One can see it as soon as the vehicle enters the district after negotiating the hairpin bends from the plains of Calicut. Look to your left, and you will find a chained tree, a burning oil lamp and sometimes, a lone traveller or a tribal woman praying before it. If you are in a hurry, you may miss it too. These places are to be taken slowly and in small slices. Stop by the roadside and ask for the Karinthandan tree. If you are lucky, you may get a garrulous local who will tell you the story about the ghost chained to this ancient fig tree in broken English or Hindi. The tale goes that Karinthandan, a tribal youth, was the first to discover the hidden trails of Wayanad. While establishing their rule in India, the British came to his tribe with promises of riches and prosperity. They enticed Karinthandan to show them the riches of the verdant forests and the abundant wildlife. After he shared all his knowledge and secrets, the treacherous foreigners killed him. Legend claims that his spirit still roams these trails, lost, betrayed and wrathful, causing harm to any who dare tread on his paths.

Yet this spectral figure has never terrified me; I have found solace in sharing stories with it

People claim to hear eerie whispers and feel an unsettling chill even in broad daylight near this chained tree. Yet this spectral figure has never terrified me; I have found solace in sharing stories with it. I am unsure if I believe in ghosts, but Karinthandan's legend is more than a ghost story for me. It is a reflection of human greed and exploitation; it mirrors our colonial past, where native populations were ruthlessly exploited for their knowledge, only to be discarded later. The tree stands tall, an embodiment of ancient wisdom fused with a tale of betrayal. Every time I pass by, I stop, pay my respects to the spirit that is said to languish here, and share the stories I am crafting with it. The rustle of leaves in response seems like his approval, his blessing for my tales.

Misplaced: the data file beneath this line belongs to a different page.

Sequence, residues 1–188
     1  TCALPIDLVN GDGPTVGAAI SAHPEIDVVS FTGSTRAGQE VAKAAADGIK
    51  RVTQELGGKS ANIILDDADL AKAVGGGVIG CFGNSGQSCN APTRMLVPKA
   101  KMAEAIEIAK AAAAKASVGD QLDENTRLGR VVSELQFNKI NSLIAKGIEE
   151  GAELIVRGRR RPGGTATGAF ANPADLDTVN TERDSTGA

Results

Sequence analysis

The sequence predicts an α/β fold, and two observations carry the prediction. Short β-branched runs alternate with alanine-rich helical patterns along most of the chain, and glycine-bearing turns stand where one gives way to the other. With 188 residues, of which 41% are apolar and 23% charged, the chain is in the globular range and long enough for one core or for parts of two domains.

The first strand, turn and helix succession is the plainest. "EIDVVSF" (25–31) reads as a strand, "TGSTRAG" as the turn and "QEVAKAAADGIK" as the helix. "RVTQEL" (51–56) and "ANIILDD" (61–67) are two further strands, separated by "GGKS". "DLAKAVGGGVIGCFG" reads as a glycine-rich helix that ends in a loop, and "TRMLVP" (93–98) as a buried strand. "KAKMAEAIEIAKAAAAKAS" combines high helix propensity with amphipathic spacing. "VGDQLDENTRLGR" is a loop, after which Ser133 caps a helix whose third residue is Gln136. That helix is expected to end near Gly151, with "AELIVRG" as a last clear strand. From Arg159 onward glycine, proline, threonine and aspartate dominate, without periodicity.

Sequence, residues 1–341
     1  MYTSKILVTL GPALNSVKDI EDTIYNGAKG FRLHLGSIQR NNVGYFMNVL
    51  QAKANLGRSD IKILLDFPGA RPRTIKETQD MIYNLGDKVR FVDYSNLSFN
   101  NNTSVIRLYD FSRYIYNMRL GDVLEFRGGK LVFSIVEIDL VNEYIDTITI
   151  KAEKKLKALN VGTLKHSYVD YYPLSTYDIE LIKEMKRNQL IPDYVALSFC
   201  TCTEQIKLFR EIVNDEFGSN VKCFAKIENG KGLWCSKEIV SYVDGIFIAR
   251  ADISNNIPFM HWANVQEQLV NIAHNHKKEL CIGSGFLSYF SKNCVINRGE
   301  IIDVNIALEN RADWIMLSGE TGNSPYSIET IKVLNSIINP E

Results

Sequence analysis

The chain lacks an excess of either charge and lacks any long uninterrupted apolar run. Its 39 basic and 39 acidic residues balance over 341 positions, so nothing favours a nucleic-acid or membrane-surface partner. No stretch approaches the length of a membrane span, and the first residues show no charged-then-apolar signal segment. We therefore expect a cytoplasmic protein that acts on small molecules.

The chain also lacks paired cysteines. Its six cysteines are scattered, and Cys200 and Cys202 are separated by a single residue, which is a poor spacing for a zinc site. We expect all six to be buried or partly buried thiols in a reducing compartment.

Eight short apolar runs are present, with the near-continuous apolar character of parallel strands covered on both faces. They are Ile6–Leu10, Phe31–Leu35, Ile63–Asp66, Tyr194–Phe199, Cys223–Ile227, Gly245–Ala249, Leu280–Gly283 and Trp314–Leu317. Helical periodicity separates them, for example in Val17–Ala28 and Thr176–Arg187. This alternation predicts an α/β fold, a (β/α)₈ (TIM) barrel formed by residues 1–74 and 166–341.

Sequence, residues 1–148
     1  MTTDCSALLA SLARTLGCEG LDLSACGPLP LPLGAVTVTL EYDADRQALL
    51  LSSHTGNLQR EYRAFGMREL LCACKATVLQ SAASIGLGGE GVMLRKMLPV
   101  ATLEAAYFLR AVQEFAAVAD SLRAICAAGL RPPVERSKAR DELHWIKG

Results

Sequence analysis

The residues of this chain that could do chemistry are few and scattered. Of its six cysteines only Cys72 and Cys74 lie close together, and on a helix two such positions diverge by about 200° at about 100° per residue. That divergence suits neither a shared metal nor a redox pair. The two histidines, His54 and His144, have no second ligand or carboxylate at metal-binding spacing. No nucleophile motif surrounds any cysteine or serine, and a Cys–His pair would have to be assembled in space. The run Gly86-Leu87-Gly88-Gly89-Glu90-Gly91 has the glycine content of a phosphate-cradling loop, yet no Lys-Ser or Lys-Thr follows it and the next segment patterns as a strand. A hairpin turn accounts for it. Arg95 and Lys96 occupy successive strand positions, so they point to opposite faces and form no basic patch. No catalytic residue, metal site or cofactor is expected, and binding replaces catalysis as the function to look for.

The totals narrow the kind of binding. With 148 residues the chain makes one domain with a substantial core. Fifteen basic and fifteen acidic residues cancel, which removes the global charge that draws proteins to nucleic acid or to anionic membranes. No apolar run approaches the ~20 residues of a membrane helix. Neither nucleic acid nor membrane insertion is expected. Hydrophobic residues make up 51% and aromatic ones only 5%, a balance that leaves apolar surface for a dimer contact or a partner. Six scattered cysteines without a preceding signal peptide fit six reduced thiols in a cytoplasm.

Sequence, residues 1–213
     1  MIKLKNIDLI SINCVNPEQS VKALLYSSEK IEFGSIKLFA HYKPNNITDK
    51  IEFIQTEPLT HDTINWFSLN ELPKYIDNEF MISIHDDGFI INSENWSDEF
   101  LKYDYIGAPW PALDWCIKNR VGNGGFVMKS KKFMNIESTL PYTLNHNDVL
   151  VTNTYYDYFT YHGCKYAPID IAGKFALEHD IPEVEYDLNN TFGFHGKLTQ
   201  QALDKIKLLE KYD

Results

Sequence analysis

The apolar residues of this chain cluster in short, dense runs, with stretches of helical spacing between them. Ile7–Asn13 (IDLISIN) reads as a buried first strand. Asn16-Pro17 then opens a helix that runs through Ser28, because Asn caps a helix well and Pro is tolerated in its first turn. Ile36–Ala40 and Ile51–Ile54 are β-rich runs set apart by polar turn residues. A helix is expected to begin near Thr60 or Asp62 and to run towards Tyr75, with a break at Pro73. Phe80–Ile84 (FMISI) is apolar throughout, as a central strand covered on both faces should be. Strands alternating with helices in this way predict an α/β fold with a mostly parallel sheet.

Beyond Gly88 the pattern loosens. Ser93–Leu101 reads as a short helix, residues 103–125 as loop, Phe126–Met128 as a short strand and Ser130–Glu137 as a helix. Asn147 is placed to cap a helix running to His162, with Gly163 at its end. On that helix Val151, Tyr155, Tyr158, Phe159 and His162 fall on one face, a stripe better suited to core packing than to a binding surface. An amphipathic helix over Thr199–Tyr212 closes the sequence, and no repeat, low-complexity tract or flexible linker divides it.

As the years pass and the landscape of Wayanad changes, it only adds layers to my stories. Every new coffee shop that opens in town, every old bridge that falls to ruin—they're all part of the rich tapestry of this place that fuels my imagination. But as time marches on relentlessly, a nagging thought niggles at the back of my mind. Will Wayanad lose its soul to the relentless tide of modernity? Will concrete buildings replace the coffee plantations, and will technology drown out the call of the thrushes? With a sigh, I remember my first visit to this place. I see my sister smiling brightly beside her new husband, and I stand beside them, a wide-eyed little boy enchanted by the lush hills. As much as things have changed since then, I realise a lot has remained the same, too. Despite all its transitions, this hill station has retained its inherent charm and mystique. This sleepy little place had changed the history of the world. But even as the political climate heats up, life goes on in Wayanad. Farmers still tend to their spice gardens under the watchful gaze of mighty elephants that roam freely in this part of Kerala. Women move with grace and agility through the tea plantations, their fingers plucking tea leaves with practised ease. Children play near shimmering waterfalls, their innocent laughter resonating through the hills. And the lores and legends live on. Ghosts continue their charming and graceful journey, riding the gentle breeze that whispers the ancient stories into the ears of those who choose to listen.

Anand Neelakantan is a bestselling author of 17 books, doubling as a columnist, screenwriter, and public speaker